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Chocolate: Healthy or unhealthy?

Chocolate is available in a wide variety of flavors. But whether white, dark or milk chocolate – one thing is common to all varieties: chocolate is not exactly healthy, as it contains a lot of fat and sugar and therefore also many calories. However, cocoa powder also contains certain substances that can have a positive effect on blood pressure and heart health. This effect is particularly large when snacking on dark chocolate, as it contains an extremely large amount of cocoa powder.

Chocolate: Healthy or unhealthy?

Chocolate: Calories and Ingredients

Chocolate is rich in fat and sugar and therefore far from healthy. Depending on whether it is white, whole milk, or dark chocolate, the ingredients may vary slightly.

What all varieties have in common, however, is that they contain a relatively large number of calories. On average, it brings a table to 500 to 550 calories. This already covers a quarter of an adult's daily calorie requirement.

➤ White chocolate is the unhealthiest of the three variants. It has the most calories on average and also contains the most sugar: 100 grams contain about 63 grams of sugar and 30 grams of fat.

➤ Milk chocolate has a similar number of calories but contains a little less sugar at 57 grams. However, their fat content is similarly high at 29.5 grams.

➤ Dark chocolate is the healthiest choice by comparison: with just under 500 calories, it contains about 50 calories less than the other two varieties. In addition, it contains 44 grams of sugar, but 36 grams of fat.

Does chocolate make you happy?

Chocolate contains various substances that are attributed to a mood-enhancing effect. Cocoa powder contains theobromine, which, like caffeine, stimulates circulation and is also mood-enhancing. Phenylethylamine, the cannabinoid anandamide, and the serotonin precursor Tryptophan also have a mood-enhancing effect.

However, the mood-enhancing effect of the sweet treat can not be completely explained by the ingredients mentioned. The effect they have is too small for that. Presumably, psychological factors also make us happy with chocolate. Because when consumed, our reward system is activated and the neurotransmitter dopamine and endorphins are released.

Positive effect on health 

Eating chocolate, especially bitter chocolate, can cause the level of heart-protective antioxidants to rise sharply for some time. Cocoa powder contains certain flavonoids (epicatechin) that have a positive effect on heart and blood pressure. They make the vessels more elastic and thus lower blood pressure.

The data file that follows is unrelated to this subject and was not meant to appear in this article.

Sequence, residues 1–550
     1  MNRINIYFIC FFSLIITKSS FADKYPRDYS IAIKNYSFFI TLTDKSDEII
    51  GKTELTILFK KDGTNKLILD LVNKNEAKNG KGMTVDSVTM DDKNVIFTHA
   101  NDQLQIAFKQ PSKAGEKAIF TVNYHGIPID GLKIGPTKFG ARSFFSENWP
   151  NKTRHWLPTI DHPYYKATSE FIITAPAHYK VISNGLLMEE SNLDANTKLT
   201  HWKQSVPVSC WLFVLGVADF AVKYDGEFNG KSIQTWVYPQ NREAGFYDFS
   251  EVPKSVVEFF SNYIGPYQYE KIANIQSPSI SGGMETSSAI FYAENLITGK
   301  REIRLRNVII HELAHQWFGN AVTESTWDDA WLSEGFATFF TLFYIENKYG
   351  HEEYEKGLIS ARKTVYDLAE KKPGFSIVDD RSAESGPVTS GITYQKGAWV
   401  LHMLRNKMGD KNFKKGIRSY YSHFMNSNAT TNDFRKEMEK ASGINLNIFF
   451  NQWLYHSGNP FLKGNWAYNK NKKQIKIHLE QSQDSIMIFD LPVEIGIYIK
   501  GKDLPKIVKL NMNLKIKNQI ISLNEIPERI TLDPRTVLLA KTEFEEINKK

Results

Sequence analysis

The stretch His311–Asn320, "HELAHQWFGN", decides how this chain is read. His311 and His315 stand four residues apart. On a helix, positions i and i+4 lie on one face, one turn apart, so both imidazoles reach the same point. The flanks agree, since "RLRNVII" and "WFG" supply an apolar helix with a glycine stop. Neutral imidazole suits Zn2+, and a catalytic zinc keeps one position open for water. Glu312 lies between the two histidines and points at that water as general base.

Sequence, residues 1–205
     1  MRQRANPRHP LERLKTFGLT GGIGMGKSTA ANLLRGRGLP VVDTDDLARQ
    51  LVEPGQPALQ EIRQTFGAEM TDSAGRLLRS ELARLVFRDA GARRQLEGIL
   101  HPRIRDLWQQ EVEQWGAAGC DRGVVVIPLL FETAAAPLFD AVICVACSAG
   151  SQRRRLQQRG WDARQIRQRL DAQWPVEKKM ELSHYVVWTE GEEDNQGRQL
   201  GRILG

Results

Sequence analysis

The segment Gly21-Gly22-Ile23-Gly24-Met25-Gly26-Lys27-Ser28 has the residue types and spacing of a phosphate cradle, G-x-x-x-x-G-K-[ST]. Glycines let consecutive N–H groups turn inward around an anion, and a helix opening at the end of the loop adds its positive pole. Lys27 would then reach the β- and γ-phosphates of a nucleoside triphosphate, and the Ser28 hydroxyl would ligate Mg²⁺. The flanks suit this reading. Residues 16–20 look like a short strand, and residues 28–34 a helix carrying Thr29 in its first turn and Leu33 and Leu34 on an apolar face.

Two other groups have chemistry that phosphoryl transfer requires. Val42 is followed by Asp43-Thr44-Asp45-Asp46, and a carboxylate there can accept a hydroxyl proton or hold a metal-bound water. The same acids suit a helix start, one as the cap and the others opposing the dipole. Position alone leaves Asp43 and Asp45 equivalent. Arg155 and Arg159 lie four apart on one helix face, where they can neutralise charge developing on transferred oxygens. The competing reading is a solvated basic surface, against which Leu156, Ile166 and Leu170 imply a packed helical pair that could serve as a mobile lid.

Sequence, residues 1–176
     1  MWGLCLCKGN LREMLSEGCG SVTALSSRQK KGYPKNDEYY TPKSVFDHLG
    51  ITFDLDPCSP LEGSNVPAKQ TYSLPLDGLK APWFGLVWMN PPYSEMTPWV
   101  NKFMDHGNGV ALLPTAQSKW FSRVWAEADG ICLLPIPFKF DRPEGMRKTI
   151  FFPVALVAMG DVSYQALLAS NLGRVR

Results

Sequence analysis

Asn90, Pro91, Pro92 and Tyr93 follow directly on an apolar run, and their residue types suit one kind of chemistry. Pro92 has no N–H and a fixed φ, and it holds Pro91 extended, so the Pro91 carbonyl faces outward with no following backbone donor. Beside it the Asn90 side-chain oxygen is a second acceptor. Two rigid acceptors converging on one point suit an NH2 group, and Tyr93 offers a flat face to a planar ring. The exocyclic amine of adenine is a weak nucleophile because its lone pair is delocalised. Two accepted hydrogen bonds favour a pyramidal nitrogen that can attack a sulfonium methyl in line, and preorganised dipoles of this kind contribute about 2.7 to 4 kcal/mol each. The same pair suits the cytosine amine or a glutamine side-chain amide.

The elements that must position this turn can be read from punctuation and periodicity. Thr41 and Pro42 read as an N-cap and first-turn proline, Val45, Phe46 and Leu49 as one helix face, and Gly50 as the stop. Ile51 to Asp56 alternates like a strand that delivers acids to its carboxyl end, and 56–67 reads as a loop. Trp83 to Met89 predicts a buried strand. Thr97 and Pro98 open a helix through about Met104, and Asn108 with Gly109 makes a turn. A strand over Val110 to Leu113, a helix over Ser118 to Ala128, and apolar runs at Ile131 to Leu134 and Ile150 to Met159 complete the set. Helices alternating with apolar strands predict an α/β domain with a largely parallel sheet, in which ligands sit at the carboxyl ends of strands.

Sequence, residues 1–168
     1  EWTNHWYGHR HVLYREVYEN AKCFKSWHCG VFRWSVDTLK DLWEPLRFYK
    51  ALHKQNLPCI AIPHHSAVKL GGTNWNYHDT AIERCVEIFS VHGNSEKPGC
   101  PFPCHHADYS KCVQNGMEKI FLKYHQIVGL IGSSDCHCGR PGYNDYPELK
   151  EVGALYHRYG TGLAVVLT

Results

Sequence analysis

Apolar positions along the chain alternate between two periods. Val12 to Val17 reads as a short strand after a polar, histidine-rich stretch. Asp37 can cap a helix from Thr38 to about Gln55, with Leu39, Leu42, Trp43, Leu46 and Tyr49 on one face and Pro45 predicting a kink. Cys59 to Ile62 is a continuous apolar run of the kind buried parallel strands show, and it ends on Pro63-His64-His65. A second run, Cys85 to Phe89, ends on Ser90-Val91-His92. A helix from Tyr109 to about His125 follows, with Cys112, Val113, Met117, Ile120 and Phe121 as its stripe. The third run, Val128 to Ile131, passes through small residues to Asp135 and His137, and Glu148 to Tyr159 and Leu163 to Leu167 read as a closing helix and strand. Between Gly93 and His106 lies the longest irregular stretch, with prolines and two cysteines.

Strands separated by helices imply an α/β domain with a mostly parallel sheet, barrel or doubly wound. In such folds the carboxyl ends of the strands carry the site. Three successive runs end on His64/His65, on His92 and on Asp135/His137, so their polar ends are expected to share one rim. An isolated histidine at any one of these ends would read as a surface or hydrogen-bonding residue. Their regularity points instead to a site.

Those who regularly eat small amounts of bitter chocolate should be able to reduce the risk of a stroke or heart attack in addition to blood pressure.

However, flavonoids are also found in other foods such as apples. The positive effect on blood pressure is therefore no reason to feast on chocolate without inhibition.

Risk of obesity and subsequent diseases

Although bitter chocolate can have a positive effect on health, remember that chocolate is a sweet that contains a lot of fat, sugar, and calories. Those who regularly consume larger amounts significantly increase their risk of obesity and associated with cardiovascular disease.

In addition, the likelihood of getting tooth decay increases.

Chocolate and acne

Whether chocolate can promote the development of acne and pimples remains to be determined. However, recent studies suggest that there is a link between the consumption of chocolate and the development of ordinary acne (Acne vulgaris).

Bitter chocolate only in moderation

Although bitter chocolate contains less sugar and fewer calories than other varieties, you should only consume the sweet in moderation. Because there is a lot of cocoa powder in bitter chocolate, which – depending on the location of the cocoa tree – can be contaminated with cadmium. This is especially true for cocoa powder from South America, as cocoa plants often grow there on volcanic soil that contains a lot of cadmium.

Cadmium is a chemical element that can cause damage to kidneys and bones in large quantities. The introduction of a limit value for cadmium in chocolate is repeatedly called for, but implementation is still pending.

Harmful aluminum in chocolate

In addition, one should better limit one's chocolate consumption due to the increased aluminum content in cocoa. Aluminum can have a negative impact on the nervous system, fertility, and bone development.

According to a 2008 opinion of the European Food Safety Authority (EFSA), the average aluminum content of untreated foods is less than five milligrams per kilogram. Among other things, however, foods such as cocoa – and accordingly chocolate products – may also have a higher concentration.